10 things to know about sexually transmitted infections

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Things To Know abouT sexually TransmiTTed


1 STI and STD basically mean the same thing. Sexually transmitted infection (STI) is the infection that is transmitted from person to person. Sexually trans­

mitted disease (STD) is the disease that happens once a person is infected.

2 STIs are spread through genital-to-genital contact and through unprotected oral, vaginal, or anal sex.

STIs can also spread from mother to baby during pregnancy and birth. Also, STIs don’t always cause any symptoms, so the infection can spread easily from one person to another without them knowing it.

3 Use condoms to protect yourself from STIs. Use condoms for vaginal, anal, and oral sex. Dental dams can also be used for oral sex. Remember that you’re only protected where you’re covered. Birth control pills will not protect you from STIs. Use a condom even if you or your partner is on the pill.

4 Bacterial STIs—such as chlamydia, gonorrhea, and syphilis—can be cured with antibiotics. However, without treatment they can cause serious health problems, such as infertility and organ damage.

5 There is no cure for most viral STIs and they can be hard to treat.

There is no cure for genital herpes or human immunodeficiency virus (HIV), but there are treatments.

Hepatitis B can cause serious liver disease, but there is a vaccine that can help prevent it.

There is no treatment for human papillomavirus (HPV), but there are vaccines which can prevent infection. If left untreated, HPV can cause cervical cancer in women. It’s also linked to certain rare cancers in men.

6 STIs caused by parasites—like pubic lice (crabs)—

can be cured.

Lice and scabies can be treated with special creams, lotions, or shampoos.

Trichomoniasis can be treated with antibiotics. If left untreated it can cause a very serious condition called pelvic inflammatory disease.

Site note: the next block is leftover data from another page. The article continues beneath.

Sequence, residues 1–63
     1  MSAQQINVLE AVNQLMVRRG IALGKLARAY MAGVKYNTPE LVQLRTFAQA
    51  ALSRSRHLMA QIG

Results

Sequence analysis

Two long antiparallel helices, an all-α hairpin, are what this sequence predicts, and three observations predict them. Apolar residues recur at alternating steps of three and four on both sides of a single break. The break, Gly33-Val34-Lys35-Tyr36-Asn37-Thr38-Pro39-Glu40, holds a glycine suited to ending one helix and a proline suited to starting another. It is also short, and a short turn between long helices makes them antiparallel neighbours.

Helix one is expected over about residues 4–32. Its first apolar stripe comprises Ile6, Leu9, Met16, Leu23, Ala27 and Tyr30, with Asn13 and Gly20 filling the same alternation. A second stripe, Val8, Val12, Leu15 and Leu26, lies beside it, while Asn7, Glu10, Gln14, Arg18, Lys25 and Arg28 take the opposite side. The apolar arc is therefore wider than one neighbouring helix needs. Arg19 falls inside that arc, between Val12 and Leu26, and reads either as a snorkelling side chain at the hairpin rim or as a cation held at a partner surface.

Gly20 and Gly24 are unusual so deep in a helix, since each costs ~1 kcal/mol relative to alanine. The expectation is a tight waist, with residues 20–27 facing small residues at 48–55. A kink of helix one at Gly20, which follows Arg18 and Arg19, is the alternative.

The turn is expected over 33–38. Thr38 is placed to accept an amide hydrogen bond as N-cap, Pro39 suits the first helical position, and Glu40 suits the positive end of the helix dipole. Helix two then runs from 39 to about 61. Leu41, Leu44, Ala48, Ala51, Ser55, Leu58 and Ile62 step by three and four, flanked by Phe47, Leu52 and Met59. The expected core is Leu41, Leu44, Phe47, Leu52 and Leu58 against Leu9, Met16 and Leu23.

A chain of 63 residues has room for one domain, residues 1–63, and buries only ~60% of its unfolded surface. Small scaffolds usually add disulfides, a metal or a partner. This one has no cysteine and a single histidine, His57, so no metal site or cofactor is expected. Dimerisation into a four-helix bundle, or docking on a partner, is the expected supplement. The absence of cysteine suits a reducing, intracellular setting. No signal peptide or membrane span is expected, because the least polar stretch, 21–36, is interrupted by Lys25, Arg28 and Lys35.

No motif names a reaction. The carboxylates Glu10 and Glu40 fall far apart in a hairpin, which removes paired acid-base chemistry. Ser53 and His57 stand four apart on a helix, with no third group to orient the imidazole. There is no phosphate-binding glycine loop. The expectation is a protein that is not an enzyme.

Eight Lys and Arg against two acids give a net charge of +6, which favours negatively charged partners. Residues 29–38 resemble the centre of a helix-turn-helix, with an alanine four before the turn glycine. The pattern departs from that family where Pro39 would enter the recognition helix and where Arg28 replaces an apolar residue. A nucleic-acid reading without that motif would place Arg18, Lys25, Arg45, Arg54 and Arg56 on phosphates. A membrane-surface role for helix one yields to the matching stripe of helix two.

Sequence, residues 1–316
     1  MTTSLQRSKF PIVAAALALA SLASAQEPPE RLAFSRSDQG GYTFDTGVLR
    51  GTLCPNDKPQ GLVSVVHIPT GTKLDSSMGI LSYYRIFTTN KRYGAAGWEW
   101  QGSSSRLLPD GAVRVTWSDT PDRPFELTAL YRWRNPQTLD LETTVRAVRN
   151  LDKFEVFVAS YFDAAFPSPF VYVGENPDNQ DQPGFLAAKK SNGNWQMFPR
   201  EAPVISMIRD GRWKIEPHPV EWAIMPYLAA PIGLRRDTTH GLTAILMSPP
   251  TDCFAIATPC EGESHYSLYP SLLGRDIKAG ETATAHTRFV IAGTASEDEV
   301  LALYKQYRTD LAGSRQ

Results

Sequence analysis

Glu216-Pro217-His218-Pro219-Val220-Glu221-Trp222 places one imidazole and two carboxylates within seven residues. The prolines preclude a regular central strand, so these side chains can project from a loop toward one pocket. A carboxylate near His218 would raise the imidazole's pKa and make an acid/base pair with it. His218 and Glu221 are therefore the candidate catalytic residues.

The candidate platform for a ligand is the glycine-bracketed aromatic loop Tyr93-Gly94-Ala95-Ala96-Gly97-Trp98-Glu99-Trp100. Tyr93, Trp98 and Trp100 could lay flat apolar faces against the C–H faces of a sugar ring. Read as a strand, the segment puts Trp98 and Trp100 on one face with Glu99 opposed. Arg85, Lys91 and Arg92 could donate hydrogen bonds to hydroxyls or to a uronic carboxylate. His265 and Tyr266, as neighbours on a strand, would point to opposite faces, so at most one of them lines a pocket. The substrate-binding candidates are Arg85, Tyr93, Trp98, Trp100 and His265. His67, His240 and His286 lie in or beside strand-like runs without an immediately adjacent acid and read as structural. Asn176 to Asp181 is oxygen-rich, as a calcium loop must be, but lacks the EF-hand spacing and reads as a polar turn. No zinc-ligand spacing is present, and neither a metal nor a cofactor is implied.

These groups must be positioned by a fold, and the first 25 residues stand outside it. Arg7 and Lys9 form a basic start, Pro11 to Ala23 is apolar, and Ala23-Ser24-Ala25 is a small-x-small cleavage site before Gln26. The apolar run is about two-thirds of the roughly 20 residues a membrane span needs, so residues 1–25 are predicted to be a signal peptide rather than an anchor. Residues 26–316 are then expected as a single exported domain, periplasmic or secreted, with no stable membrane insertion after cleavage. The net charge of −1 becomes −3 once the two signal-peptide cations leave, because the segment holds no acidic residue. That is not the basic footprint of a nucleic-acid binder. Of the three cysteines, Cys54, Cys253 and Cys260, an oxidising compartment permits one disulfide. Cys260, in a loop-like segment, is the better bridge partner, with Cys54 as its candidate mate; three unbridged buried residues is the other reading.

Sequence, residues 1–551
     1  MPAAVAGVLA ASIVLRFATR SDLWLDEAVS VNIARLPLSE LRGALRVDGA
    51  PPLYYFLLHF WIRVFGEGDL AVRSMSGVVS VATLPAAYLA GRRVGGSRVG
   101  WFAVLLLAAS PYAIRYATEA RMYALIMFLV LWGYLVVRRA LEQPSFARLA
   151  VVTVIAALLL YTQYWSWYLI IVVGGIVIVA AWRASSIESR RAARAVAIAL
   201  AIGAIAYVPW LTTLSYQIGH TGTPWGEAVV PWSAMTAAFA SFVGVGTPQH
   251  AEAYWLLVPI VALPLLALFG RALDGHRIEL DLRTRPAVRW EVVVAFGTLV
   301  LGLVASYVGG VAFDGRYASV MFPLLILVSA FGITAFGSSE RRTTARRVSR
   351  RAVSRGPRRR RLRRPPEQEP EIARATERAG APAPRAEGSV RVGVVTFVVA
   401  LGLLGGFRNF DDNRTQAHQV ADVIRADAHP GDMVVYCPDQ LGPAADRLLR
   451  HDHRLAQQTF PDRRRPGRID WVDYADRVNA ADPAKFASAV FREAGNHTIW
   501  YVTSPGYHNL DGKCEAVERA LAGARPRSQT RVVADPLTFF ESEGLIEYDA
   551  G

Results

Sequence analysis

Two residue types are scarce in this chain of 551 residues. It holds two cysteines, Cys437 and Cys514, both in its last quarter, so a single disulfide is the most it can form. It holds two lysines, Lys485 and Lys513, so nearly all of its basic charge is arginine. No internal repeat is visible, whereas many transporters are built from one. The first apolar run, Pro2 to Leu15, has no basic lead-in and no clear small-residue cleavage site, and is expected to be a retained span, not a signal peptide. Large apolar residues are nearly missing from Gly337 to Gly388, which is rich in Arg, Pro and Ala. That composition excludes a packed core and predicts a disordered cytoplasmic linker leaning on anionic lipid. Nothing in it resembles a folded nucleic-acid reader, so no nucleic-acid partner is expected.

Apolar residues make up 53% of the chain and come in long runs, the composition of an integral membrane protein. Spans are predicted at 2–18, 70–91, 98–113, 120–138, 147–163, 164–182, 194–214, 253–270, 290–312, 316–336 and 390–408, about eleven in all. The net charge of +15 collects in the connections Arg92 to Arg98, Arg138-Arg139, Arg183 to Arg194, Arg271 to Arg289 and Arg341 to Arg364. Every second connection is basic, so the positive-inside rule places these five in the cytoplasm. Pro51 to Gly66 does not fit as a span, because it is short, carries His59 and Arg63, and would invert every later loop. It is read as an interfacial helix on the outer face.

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➜ www.naho.ca/firstnations

sexually TransmiTTed infecTions

learn more…

Canadian Federation for Sexual Health www.cfsh.ca

First Nations Centre at the National Aboriginal Health Organization

www.naho.ca/fnc (under Publications)

Sexual health toolkit part I: Sexually transmitted infections (STIs) (2011)

Sexual health toolkit part II: Sexuality and relationships (2011) HPV Info www.hpvinfo.ca

Native Women’s Association of Canada www.nwac.ca/programs/sexually-transmitted-infections Native Youth Sexual Health Network www.nativeyouthsexualhealth.com

Public Health Agency of Canada www.phac-aspc.gc.ca

• Province and Territory Health Line www.phac-aspc.gc.ca/std-mts/phone-eng.php

• Safer Sex and You www.phac-aspc.gc.ca/publicat/epiu-aepi/std-mts/condom-eng.php

• STIs www.phac-aspc.gc.ca/publicat/std-mts/redrisk-eng.php Sexuality and U www.sexualityandu.ca

Teaching Sexual Health www.teachingsexualhealth.ca 7 All women over 18 should get Pap tests. Pap tests

detect changes to your cervix that can be caused by an HPV infection or cancer.

8 Stay healthy by getting tested for STIs. STI tests are not usually routinely offered. Talk to your healthcare provider and ask to get tested, especially:

If you have had unprotected sex.

If you or your partner are sexually active but have not been tested.

Before you have sex with a new partner.

If you have any signs or symptoms of an STI.

If you were forced to have sex or you think you have been.

Your visit and your test results are confidential between you and your healthcare provider. If you have an STI your healthcare provider can tell you what your options are. Your sexual partner(s) will

need to know so that they can be tested and get treated as well. You can choose to tell them yourself, or have your healthcare provider or local public health office tell them.

9 People who have many exclusive (monogamous) sexual relationships in a row are at high risk of STIs. People often don’t get tested for STIs in these relationships, so you don’t know if you or your partner has one. But because you’re only having sex with each other you might stop using condoms and put yourselves at risk.

Anyone can get an STI regardless of age, gender, sexual orientation, socioeconomic status, ethnicity, or anything else. However, First Nations youth have higher rates of STIs than other Canadians. There are many reasons for this, including poverty, diffi­

culty getting healthcare, and having unprotected sex and using drugs.

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